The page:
So the whole point of this blog was to get me writing regularly, but it turns out that was more difficult than it seemed, for a few reasons:
(1) My consumption of culture seems to leave little time for writing about culture. Of course, any time I devote to writing about culture takes away from my time experiencing culture, thus diminishing the repository of material I have to write about. It's a vicious cycle!
(2) I write "long", as any of you who actually read my mammoth posts in their entirety probably know. I also edit pretty compulsively, and even then I'm rarely satisfied with the result. I kind of want to go back and rewrite half of that Medieval 2 post, for example - I know it's kind of a mess in some places.
There's not much I can do about (1) especially now that I have more class. With regards to (2), I'm going to start making some of my posts very brief. I will deliberately lower my standards on these posts so that they don't need to reach any sort of meaningful insight. I'll still do longer posts as well.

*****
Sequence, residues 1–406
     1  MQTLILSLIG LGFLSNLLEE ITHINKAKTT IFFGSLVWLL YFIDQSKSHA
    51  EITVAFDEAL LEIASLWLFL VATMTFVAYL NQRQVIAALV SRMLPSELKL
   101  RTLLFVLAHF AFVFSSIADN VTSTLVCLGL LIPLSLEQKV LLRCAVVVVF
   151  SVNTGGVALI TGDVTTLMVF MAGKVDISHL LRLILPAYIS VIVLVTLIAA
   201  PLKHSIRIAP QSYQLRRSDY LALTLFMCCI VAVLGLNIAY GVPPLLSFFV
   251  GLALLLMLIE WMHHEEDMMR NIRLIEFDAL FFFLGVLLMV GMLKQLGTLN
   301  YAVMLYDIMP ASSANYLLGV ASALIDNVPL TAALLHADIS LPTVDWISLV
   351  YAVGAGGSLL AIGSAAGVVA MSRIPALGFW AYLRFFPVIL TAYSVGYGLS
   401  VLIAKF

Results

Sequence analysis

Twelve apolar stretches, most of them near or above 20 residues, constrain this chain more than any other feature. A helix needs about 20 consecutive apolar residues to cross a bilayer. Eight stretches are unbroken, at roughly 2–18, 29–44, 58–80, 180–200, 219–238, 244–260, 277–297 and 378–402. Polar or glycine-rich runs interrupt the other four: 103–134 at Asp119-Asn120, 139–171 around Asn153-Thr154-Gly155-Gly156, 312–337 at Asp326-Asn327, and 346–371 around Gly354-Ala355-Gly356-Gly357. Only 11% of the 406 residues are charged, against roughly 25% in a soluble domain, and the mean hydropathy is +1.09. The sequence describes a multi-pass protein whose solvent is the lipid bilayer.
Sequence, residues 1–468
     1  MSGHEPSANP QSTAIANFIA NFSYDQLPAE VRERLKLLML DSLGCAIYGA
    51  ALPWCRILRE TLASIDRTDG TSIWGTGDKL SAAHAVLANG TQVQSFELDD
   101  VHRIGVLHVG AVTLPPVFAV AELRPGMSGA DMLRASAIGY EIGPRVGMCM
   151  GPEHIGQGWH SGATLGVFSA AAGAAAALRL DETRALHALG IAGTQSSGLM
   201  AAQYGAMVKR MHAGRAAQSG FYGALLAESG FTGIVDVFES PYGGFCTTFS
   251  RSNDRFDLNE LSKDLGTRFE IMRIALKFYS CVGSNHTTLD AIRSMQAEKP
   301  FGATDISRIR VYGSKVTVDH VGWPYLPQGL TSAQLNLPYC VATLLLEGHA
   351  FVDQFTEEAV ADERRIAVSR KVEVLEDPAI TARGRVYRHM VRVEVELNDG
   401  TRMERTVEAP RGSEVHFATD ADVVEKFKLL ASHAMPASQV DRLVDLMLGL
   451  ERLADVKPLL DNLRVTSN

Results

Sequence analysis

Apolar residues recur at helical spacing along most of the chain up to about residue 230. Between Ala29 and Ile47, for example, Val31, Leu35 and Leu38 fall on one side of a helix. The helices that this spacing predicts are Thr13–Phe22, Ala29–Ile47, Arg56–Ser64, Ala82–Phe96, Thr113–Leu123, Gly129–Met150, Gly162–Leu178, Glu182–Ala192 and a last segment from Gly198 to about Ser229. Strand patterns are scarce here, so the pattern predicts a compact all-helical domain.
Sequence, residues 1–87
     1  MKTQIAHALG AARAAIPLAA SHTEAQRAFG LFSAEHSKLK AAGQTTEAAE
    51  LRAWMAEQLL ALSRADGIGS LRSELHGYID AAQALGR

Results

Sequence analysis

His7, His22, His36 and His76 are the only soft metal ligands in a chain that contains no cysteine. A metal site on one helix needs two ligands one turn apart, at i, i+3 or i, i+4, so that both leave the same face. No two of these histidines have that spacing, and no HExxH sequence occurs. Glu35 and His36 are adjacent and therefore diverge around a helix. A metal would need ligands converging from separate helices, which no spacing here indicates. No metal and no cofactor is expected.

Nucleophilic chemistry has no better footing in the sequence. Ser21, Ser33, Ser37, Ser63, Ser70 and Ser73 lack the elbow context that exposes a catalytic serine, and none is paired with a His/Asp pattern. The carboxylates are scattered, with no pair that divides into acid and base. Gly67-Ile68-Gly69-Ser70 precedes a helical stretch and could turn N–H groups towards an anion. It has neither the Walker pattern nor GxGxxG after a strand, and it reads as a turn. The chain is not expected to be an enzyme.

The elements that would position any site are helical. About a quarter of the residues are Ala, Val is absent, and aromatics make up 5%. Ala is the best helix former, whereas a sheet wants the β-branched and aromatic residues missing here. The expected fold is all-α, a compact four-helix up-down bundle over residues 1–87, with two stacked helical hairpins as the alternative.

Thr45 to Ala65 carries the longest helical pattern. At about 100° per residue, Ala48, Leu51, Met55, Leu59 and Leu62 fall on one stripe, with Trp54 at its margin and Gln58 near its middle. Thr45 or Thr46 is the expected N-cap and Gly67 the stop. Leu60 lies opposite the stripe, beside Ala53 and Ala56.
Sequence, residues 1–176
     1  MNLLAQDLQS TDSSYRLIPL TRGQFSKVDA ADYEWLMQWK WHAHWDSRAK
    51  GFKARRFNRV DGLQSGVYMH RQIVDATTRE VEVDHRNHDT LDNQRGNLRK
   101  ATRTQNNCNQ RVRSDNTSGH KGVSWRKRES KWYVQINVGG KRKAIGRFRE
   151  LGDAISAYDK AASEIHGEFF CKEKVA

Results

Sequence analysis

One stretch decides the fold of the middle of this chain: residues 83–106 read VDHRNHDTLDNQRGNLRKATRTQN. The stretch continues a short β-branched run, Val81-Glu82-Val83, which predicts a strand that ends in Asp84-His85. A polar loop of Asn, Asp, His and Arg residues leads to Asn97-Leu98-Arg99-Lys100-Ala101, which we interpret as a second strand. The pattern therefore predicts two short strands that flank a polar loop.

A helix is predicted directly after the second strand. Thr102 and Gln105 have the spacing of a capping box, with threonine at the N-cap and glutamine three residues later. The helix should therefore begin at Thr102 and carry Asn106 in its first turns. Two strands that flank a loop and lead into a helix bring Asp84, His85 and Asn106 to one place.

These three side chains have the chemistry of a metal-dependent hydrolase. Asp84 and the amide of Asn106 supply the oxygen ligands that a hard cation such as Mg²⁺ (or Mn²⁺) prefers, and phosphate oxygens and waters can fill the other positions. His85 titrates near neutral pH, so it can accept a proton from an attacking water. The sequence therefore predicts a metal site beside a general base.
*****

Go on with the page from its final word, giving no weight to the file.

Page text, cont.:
So, the first of these briefs (and a pretty good indication of the [minimal] level of thought you can expect these brief posts to demonstrate in the future):
From time to time I hear social pundits either lauding or lamenting the volume of media in our culture, as well as the ever-increasing avenues by which we can consume this media. Sorry, I don't have any links handy and you'll just have to take my word for it that pundits do talk about this. The idea is that technology has lowered the cost of publication so much that there is so much sheer quantity of media and other "stuff" out there that it's impossible for any one individual to apprehend and make sense of it all. I have so many MP3s on my hard drive I don't even recognize half of them, some people have so many digital photos its hard for them to remember the significance of any particular shot, and others have so many Facebook friends they write self-satisfied articles in Slate about rejecting people, and so on. (Bitter? Me? Nooooo.) As a related consequence, "culture," or at least mainstream culture, is less coherent and more fragmented.
I'm not sure what I think about all that, but I do know that an hour ago I was playing the Aztec campaign in Medieval 2 while streaming a NPR debate about privacy and security and listening to Bach's Partita in d for Solo Violin. I'm immersed in media. It is glorious. One of these days I'll write about the convergences between David Frum's argument for a surveillance state and Cortes' conquest of the Yucatan peninsula.